• looked for tweets that contained certain hashtags that the accused or the complainants either created or followed

Importantly, because the tweets were available to anyone with a licence to use the social media listening software, the court accepted that it was unnecessary for the police to obtain a warrant to gather that evidence. Although not discussed by the court, it does not appear that a user of Twitter could make a viable argument for a reasonable expectation of privacy based on the current version of the Twitter privacy policy. The privacy policy specifically notifies users that the Twitters services “broadly and instantly disseminate your public information to a wide range of users, customers, and services” and that this information may be delivered and used by third parties to analyze the information for trends and insights.

Proof the Accused Sent the Tweets

The charges of criminal harassment did not require the prosecution to prove that the accused meant what he said in the tweets. But it was necessary to prove that the accused sent them. But the fact that they were sent by the accused was hearsay. At a minimum, it was necessary to establish a link between the accused and the handle from which the tweet allegedly originated and then to establish that the tweets were authentic in the sense of not having been altered.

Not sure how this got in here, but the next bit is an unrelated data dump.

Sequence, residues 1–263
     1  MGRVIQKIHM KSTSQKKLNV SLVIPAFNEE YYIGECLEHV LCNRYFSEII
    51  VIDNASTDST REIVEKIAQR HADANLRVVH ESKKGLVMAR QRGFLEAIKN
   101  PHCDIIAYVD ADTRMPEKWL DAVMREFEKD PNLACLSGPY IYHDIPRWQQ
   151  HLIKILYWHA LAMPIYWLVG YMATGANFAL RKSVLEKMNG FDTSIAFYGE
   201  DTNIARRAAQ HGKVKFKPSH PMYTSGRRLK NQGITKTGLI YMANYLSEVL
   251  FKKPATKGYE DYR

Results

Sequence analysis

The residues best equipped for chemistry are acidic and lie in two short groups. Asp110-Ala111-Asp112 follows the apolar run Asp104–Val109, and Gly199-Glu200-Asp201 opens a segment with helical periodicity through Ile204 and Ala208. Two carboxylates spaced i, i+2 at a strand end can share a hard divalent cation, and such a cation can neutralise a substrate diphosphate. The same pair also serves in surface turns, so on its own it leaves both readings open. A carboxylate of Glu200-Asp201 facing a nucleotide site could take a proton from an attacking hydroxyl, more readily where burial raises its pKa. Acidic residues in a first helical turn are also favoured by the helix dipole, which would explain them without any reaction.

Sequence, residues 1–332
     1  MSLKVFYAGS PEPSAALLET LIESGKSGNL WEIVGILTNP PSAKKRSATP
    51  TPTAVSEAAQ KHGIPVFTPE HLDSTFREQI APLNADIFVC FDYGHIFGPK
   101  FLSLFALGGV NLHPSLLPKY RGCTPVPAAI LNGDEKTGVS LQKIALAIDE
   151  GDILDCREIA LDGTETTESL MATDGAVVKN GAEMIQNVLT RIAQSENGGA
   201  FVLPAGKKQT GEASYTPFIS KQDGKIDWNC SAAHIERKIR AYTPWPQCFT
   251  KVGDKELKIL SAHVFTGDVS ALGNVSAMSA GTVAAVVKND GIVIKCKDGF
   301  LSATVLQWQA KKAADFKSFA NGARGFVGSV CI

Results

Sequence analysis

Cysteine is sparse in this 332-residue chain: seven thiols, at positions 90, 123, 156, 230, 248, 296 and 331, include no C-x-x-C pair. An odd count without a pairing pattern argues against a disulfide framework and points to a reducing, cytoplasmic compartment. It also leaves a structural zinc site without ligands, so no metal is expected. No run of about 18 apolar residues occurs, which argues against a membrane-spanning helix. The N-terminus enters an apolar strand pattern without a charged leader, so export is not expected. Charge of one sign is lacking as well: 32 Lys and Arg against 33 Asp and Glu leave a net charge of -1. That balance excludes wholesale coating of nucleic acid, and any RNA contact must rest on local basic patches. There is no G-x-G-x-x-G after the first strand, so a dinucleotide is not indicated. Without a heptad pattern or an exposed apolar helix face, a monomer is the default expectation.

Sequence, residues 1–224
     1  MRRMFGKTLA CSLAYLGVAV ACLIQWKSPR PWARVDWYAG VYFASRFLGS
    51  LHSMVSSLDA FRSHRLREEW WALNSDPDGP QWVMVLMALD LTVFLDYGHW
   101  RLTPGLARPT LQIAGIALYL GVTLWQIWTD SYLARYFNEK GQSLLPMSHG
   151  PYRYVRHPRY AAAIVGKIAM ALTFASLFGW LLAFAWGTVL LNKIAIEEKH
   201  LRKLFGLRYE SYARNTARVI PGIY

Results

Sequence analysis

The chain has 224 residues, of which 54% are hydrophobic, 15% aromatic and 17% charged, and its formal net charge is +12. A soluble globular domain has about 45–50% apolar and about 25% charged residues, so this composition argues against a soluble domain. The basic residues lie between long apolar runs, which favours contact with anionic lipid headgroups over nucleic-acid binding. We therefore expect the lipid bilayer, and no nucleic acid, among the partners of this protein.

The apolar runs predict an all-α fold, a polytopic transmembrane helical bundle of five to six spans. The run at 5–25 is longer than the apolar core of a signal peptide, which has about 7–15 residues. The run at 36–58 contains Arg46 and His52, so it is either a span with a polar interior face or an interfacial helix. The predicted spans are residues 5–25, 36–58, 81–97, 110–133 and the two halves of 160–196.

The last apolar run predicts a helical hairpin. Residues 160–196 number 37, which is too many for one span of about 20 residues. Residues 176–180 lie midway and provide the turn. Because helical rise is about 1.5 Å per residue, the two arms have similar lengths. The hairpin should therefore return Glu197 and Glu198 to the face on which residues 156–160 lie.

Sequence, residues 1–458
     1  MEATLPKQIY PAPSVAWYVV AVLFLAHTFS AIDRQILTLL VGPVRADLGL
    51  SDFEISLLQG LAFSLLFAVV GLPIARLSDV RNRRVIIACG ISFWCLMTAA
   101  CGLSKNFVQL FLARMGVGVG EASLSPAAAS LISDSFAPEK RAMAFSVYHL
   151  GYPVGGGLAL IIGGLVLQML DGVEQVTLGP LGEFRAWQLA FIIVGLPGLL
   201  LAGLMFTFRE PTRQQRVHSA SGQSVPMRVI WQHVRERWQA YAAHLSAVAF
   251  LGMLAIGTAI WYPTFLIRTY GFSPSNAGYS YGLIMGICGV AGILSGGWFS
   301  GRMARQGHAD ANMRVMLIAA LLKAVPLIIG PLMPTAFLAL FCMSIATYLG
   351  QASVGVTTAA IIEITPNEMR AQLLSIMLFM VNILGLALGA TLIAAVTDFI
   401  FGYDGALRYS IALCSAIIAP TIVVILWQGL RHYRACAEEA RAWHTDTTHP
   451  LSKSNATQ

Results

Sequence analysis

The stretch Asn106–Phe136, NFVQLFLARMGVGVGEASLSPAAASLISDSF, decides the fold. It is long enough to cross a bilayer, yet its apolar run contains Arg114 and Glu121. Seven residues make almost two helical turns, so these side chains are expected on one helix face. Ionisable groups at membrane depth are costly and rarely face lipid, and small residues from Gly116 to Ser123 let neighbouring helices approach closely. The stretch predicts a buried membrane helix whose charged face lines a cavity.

The court took a common sense, although perhaps not particularly rigorous, approach to this issue. The court noted that some of the tweets attributed to the accused related to a dinner that the accused had with one of the complainants. This provided circumstantial evidence that the accused was tweeting from that handle. Since there was no evidence anyone else had access to the accused’s handle or had access to his account, and the accused did not allege the tweets had been altered, the court found it was not necessary to prove that the accused sent each tweet.

The Fragility and Completeness of Electronic Evidence

There were numerous problems with printing out the tweets obtained through social media listening software. The searches using the social media listening software did not always yield complete records of the tweets. The tweets were garbled with punctuation being displayed as symbols.  Links and attachments were not available.

To remedy the deficiencies, the prosecution created electronic files that showed the tweet as it appears in Twitter. However, using this method meant that the court was being connected to Twitter through the Internet. The court encountered striking examples of how access to the evidence could be impeded in real time during the trial. For example, at one point, the prosecution could not open a tweet because the complainant, who was testifying, had locked her account and made it private the day before she testified. The problem re-occurred when the defence counsel attempted to open the links only to discover the complainant had again blocked access to her account. A similar issue happened to the trial judge when hew as attempting to review the evidence while preparing his reasons for judgment.